Schools also have a critical role to play in addressing and supporting student mental health. Importantly, both the risk of suicidality and reported symptoms of depression are lower in the presence of positive school environments for LGBTQ adolescents. AFSP urges states to reject exclusionary and discriminatory legislative efforts that (1) ban discussion/instruction on LGBTQ issues in schools and (2) require parental notification in advance of LGBTQ-inclusive curricula to provide parents an opportunity to opt their children out of any related instruction.
To learn more, read our LGBTQ Individuals & Populations issue brief.
Visit AFSP’s LGBTQ mental health and suicide prevention webpage for information on how to help prevent suicide in LGBTQ communities, to learn about LGBTQ suicide research, and to find LGBTQ crisis support services, including:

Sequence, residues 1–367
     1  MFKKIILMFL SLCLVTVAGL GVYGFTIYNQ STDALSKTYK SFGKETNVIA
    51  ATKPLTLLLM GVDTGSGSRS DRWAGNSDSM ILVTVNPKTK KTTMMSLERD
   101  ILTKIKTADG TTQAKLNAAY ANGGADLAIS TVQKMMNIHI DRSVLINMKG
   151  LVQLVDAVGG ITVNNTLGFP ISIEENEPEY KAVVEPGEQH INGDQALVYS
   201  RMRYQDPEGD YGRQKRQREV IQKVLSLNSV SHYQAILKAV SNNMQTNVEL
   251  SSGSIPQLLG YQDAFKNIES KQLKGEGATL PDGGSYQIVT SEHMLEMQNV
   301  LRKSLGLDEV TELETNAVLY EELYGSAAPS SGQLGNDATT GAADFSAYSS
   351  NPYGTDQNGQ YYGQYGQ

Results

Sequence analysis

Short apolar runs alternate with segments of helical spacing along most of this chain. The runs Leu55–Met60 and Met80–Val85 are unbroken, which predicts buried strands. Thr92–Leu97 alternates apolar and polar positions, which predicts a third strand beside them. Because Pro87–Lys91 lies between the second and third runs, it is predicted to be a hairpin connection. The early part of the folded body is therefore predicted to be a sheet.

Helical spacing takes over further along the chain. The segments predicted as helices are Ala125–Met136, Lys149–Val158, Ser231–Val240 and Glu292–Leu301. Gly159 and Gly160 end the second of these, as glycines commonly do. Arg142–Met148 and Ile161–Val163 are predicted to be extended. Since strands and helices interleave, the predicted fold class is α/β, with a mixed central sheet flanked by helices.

AFSP’s one pager, Youth Mental Health & Suicidal Ideation Data: The Importance of the Youth Risk Behavior Survey (YRBS), was created as a supplement to a new resource co-created by the Trevor Project, AFSP, and other youth advocacy groups. These resources were designed to support organizations in interrupting myths about this critical adolescent health survey, building relationships with YRBS coordinators, and developing resources and fact sheets on YRBS to share online and in person. For any questions or to request a copy of the full resource, “Youth Risk Behavior Survey (YRBS) 101: An Education and Awareness Resource for Local, State, and National Organizations,” email [email protected].
AFSP encourages research on suicide, suicide risk, and suicide prevention in the LGBTQ community. A better understanding of this increased suicidal ideation and behavior is needed across a wider range of samples and data collection methods. Learn more about AFSP-funded LGBTQ research studies and publications.